James Fowler, U. Cal. San Diego: What causes clustering in social networks? Some good rigorous experimental sociology, up there with Nicholas Christakis. Good models, neat graphics. You can squeeze some predictive virtue out of four degrees of social relatedness: e.g. if your friend’s friend’s friend’s friend is a heavy drinker, I can make nontrivial probabilistic inferences about your boozing. Good stuff on the difficulty of untangling influence (we’re similar because we hang out together) from homophily (we hang out together because we’re similar).

Roland Fryer of Harvard: Why does the black-white skill gap persist? Gotta improve those schools! KIPP! HCZ! Charter schools! Good vigorous presentation, but same old questions left hanging in the air. E.g.: If these intensive interventions raise the school achievement of poor black kids, why wouldn’t they raise the achievement of poor white kids, too? Or for that matter, of middle-class and rich white kids? If you have a method of raising school achievement, that is a social good. On what grounds, moral or constitutional, can you withhold that good from children who are nonpoor and nonblack? And if you don’t, won’t you be left with the same gaps as before, just shifted up the scale? Then the really hard questions, like: How do you get unionized teachers to work KIPP hours?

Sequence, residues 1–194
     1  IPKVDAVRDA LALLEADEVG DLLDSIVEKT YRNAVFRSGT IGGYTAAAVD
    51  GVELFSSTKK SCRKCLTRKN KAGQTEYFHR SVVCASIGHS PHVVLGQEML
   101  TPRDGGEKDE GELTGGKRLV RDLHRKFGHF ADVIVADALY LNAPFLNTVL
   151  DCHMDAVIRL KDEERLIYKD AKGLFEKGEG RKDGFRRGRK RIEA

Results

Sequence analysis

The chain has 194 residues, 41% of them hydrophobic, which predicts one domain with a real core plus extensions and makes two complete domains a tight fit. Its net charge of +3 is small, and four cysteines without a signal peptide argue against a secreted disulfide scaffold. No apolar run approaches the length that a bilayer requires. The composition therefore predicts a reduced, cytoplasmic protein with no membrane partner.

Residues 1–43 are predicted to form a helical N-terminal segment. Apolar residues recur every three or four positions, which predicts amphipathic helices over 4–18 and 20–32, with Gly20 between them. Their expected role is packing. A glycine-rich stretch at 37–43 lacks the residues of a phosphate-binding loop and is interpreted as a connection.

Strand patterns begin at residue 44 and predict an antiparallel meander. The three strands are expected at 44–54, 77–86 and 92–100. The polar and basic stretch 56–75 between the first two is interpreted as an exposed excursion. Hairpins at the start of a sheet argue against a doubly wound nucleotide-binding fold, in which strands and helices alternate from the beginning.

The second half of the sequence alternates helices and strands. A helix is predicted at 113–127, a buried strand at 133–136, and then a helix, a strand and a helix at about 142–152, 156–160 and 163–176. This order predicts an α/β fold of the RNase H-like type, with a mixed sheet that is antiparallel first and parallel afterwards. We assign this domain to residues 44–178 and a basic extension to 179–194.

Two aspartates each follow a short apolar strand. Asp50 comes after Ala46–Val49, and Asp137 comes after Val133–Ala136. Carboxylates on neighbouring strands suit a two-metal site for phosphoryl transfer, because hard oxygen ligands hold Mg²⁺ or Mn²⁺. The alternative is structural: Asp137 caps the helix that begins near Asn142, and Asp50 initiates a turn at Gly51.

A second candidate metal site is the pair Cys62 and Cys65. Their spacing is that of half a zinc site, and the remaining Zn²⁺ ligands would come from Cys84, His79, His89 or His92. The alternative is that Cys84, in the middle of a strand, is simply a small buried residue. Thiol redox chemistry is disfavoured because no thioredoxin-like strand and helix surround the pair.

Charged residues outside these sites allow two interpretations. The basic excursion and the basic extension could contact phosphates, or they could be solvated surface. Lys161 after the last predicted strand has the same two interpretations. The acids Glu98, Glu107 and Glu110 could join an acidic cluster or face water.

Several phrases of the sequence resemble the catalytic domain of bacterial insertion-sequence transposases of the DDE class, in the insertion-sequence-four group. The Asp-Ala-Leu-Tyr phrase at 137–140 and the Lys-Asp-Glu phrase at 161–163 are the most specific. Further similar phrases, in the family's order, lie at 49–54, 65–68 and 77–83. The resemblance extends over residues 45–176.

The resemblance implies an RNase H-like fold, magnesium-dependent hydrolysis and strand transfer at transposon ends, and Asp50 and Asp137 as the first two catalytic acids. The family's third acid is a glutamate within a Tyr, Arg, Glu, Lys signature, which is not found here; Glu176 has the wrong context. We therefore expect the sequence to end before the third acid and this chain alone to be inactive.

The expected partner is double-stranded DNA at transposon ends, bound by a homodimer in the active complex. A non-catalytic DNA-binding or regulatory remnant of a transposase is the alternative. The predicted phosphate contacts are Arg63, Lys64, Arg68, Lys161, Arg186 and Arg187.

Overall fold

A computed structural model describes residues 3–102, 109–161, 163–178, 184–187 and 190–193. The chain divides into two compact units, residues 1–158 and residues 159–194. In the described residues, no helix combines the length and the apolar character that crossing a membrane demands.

Richard Zeckhauser of Harvard: the question was either What should we strive to maximize—income, happiness, or what? or else How do we aggregate information from different parties to make decisions, e.g. what’s the optimal election system? Sorry, I was nodding off by this point.

As a thumbnail (can you have a three-hour thumbnail?) sketch of the current state of the social sciences, this symposium was informative. Most informative of all, though, was to see how little biology was there, once Christakis was through. The Standard Social Science Model, a.k.a. the “blank slate,” is still going strong.

Take Prof. Goldin’s topic: Why do sex differences in economic outcomes exist? I liked her presentation, and I’m sure she’s got a lot of the answer covered. Might not some of it, though, be a matter of women being less aggressive, less ambitious than men, for merely biochemical—hormonal—reasons? And why are economic outcomes the focus? After all, they’re not life and death, like this “gender” difference.

Come on, social scientists. There are some good minds there, doing good quantitative work. When you’ve measured all the environmental variables, though, and crunched the numbers—ranked, sorted, histogrammed, and correlated them—and there’s still an explanatory gap, what’s left? The rest is biology.

Meanwhile, here’s my hard problem in social science: Can a pure meritocracy be stable?